- Sofia, Plovdiv, Veliko Tarnova, Varna – Bulgaria
Places to visit in Eastern Europe
Romania is by far the most popular country in Eastern Europe. For me, it completely optimises how great it is travelling around this part of the world.
Bucharest is a really youthful and vibrant city where you can find trendy restaurants and swanky speakeasy bars. Step away from the city though, and it’s like stepping back in time.
A place I’d always recommend to people is the small city of Brasov. From here, you can explore the countryside and visit the nearby castles. If you didn’t know already, this is Dracula’s land. Bran Castle used to be the home of Vlad Tepes, otherwise known as Vlad the Impaler or Dracula.
Also, even though he never visited Romania, Irish author Bram Stoker used Bran Castle as the setting for Dracula, hence the connection here.
A couple of other places to visit in Romania are the medieval towns of Sibiu and Sighisoara, both right in the heart of Transylvania.
One of the things you will immediately notice about walking the streets of Sighisoara is the colours – practically every other building is painted a bright pastel colour, and it really brings a vibrancy to the town.
Top things to do in Romania:
1. Visit the Palace of Parliament in Bucharest, the second largest building in the world.
2. Take a tour of Bran Castle, Peles Castle and Rasnov Fortress
3. Walk the narrow streets of Sighisoara, a whole town that’s a UNESCO World Heritage site
4. Go bar hopping through the student town of Timisoara
5. Go hiking in the wild Carpathian Mountains
Language: Romanian (but English is spoken quite widely)
How many days to stay: 4 to 7 days. I personally spent about 10 days travelling around Romania as I loved it so much.
From Romania, it’s really easy catching the train to Serbia. There are plenty of trains from Timisoara to Novi Sad or direct to the capital Belgrade.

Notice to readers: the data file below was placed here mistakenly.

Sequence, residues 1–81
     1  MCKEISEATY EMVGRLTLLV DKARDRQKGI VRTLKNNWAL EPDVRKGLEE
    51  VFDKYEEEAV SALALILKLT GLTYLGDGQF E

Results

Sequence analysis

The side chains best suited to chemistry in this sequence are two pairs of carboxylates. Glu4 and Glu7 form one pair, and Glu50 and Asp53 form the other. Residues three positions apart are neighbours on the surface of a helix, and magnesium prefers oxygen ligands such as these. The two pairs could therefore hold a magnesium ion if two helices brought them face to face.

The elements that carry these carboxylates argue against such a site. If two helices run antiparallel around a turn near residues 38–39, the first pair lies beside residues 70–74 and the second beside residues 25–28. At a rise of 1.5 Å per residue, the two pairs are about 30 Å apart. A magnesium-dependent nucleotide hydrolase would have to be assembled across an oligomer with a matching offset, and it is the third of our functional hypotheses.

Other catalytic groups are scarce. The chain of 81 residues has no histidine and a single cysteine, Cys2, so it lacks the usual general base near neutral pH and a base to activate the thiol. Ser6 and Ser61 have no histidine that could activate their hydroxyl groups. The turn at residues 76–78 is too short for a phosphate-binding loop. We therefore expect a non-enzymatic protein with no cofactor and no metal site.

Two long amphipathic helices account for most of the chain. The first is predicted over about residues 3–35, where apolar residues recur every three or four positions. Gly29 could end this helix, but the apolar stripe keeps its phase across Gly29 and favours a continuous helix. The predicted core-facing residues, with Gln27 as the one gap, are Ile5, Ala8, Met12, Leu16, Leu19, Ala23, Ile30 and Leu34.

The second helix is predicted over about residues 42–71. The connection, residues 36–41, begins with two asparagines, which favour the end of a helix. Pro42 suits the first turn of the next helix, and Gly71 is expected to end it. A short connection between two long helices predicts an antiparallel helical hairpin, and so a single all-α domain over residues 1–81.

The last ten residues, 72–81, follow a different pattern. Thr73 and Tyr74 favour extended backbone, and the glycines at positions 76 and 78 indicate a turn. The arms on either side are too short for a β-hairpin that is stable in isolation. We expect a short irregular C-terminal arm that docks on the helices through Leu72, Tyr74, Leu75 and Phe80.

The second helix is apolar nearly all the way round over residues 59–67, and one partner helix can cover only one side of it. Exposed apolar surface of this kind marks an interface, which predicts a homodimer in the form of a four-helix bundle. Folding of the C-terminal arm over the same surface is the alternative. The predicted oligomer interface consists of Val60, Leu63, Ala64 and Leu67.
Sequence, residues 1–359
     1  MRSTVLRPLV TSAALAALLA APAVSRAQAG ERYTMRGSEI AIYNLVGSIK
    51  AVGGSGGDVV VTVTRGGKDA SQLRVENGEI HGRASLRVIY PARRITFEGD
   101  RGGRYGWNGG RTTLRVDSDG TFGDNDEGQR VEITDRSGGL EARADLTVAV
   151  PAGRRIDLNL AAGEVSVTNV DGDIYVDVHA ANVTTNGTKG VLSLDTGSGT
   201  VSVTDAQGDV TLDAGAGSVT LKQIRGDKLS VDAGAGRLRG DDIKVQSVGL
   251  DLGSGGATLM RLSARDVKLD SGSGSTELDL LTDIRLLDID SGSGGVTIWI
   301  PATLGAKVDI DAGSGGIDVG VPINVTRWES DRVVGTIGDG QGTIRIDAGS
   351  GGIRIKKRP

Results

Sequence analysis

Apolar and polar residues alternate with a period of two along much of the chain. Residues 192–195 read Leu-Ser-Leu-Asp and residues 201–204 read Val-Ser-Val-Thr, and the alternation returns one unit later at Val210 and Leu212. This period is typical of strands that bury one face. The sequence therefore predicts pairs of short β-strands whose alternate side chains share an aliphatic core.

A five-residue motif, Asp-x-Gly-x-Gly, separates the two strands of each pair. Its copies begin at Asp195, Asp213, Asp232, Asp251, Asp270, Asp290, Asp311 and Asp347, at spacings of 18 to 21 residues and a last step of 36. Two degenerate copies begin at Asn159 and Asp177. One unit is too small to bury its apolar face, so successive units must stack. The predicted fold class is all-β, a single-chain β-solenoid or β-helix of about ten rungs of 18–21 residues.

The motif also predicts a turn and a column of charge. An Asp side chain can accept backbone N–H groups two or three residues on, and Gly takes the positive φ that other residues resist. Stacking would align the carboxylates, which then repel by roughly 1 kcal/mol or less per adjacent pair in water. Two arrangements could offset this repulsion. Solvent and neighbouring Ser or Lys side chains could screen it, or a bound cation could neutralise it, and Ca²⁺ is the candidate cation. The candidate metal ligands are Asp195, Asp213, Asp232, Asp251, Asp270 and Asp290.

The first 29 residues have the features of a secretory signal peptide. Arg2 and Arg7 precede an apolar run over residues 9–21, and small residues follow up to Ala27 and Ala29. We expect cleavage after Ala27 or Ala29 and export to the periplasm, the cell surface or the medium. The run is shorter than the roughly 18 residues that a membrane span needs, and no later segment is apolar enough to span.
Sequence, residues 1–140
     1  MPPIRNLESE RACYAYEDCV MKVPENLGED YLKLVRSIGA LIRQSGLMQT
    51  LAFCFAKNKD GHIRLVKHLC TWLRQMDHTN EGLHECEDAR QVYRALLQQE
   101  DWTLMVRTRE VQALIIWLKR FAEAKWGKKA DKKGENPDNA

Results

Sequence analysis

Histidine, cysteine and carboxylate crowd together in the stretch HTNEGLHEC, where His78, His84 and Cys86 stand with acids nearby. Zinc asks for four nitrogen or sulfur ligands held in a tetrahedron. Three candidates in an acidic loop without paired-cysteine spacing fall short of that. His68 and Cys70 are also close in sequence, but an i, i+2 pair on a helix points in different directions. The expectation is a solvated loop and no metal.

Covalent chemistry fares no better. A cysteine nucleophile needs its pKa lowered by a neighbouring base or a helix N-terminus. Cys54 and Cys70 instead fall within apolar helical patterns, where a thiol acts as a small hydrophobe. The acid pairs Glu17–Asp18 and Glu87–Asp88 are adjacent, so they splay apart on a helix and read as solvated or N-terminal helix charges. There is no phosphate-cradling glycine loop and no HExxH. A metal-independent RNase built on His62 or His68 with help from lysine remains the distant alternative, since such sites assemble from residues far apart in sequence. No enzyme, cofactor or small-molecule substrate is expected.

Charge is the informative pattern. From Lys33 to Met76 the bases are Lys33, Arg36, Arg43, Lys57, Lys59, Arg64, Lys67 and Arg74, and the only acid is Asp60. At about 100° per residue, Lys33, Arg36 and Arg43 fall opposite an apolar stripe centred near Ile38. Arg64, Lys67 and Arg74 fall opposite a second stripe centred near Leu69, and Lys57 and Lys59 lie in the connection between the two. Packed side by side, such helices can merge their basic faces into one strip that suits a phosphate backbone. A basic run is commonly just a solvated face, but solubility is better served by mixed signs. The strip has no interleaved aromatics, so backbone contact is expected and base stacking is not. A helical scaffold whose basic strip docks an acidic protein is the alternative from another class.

You might’ve heard of Novi Sad before from Exit music festival. This is one of the biggest and best festivals in Europe held in Petrovaradin Fortress. I’m not going to lie, adding this place to your Interrail itinerary for Eastern Europe would be absolutely incredible.
Next up is Belgrade. Belgrade is described as the Barcelona of Eastern Europe – cosmopolitan, beautiful boulevards running through the city, al fresco dining throughout summer, and a place that rarely goes to sleep at night.
I completely fell in love with Belgrade and it’s a place I’ve been dying to go back ever since.
One of the best kept secrets in Serbia is Bajina Basta.
The reason I visited Bajina Basta was to go hiking in Tara National Park. Here there is a lovely 10km to Banska Rock.
Once I made it to Banska Rock, I was treated to the most spectacular views of Serbia and Bosnia. You could clearly see the River Drina cutting through the valley, and the views were simply stunning. Honestly, you’ll be hard pushed finding a better viewpoint throughout all of Europe.
Top things to do in Serbia:
1. Party all day and all night at Exit Festival at Novi Sad
2. Take a tour the famous fortress Kalemegdan in Belgrade
3. See the creepy Skull Tower made up of human heads in Nis
4. Go hiking through Tara National Park